Green beans are one of our staple crops throughout the fall-winter-spring growing season here in South Florida. We usually (if we’re lucky) have our first harvest at Thanksgiving time, and our last in late April to mid-May, depending on how soon the heat of summer begins to roll in.
There are many advantages/benefits to growing green beans in South Florida:
The preference among our gardeners is pretty much bush beans over pole beans (though we do plant both). There is a variety of purple bush beans that we’ve been enjoying in addition to our typical green ones. But here’s a warning: the purple ones turn a vibrant green color when cooked. I only found this out on Thanksgiving one year. I was so excited as this was our first harvest ever of purple beans, just in time for the holiday! – and I thought I was going to have a beautiful mixed colored dish of fresh green and purple beans. Until, that is, I lifted the lid off the pot of steaming beans. They were a beautiful green color, much to my amazement and disappointment!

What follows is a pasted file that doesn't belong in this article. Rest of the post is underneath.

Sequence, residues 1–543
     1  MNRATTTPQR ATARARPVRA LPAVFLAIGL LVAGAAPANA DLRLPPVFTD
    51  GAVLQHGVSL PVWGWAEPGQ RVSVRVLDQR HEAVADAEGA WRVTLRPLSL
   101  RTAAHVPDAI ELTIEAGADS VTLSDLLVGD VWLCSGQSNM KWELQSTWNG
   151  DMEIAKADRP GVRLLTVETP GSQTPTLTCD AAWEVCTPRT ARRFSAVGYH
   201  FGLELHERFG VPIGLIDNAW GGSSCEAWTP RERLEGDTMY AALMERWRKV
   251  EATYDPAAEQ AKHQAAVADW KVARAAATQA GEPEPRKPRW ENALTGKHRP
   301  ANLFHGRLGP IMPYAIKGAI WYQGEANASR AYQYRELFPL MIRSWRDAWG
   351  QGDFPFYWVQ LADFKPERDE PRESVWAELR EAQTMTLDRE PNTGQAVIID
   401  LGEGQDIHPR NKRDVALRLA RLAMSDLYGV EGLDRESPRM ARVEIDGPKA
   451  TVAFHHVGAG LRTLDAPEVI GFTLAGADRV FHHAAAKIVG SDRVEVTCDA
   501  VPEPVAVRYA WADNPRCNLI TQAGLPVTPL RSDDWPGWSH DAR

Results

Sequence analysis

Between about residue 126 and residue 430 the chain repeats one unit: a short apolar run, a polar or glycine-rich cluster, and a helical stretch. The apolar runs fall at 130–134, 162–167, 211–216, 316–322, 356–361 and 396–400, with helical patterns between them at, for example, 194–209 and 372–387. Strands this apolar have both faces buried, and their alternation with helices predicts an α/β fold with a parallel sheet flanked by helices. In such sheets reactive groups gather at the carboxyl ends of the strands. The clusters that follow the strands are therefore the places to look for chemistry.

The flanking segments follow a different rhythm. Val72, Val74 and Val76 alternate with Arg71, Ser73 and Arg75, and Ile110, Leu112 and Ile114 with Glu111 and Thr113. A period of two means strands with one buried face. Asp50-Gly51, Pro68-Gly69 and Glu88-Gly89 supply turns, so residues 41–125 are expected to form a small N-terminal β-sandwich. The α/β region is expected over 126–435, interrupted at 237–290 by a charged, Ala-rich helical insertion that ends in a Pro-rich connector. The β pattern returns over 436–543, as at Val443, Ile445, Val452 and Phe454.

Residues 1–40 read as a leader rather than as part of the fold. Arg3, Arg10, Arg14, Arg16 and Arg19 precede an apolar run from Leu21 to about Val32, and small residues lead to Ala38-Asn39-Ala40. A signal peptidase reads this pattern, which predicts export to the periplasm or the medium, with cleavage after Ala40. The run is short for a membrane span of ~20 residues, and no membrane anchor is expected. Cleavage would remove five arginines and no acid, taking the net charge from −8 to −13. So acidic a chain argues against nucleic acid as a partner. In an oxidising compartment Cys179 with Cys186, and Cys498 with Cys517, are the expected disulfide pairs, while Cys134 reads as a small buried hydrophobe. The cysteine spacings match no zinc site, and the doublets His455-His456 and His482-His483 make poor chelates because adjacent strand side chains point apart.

For many years I never knew that there was more than one kind of bok choy. Actually it was probably when I started gardening and buying seeds that I learned what an incredible variety of choys there is to choose from.
Choys are so easy to grow organically here in South Florida. I like to joke that it would probably grow on a pile of rocks, that’s how readily it thrives in varying conditions. If we have a spot in the garden that doesn’t seem sunny enough for most plants, or wet enough, or dry enough, or soil-nutritious-enough, sure enough – choy will prevail! And I can’t think of a time – ever – when it has been bothered by any diseases or pests.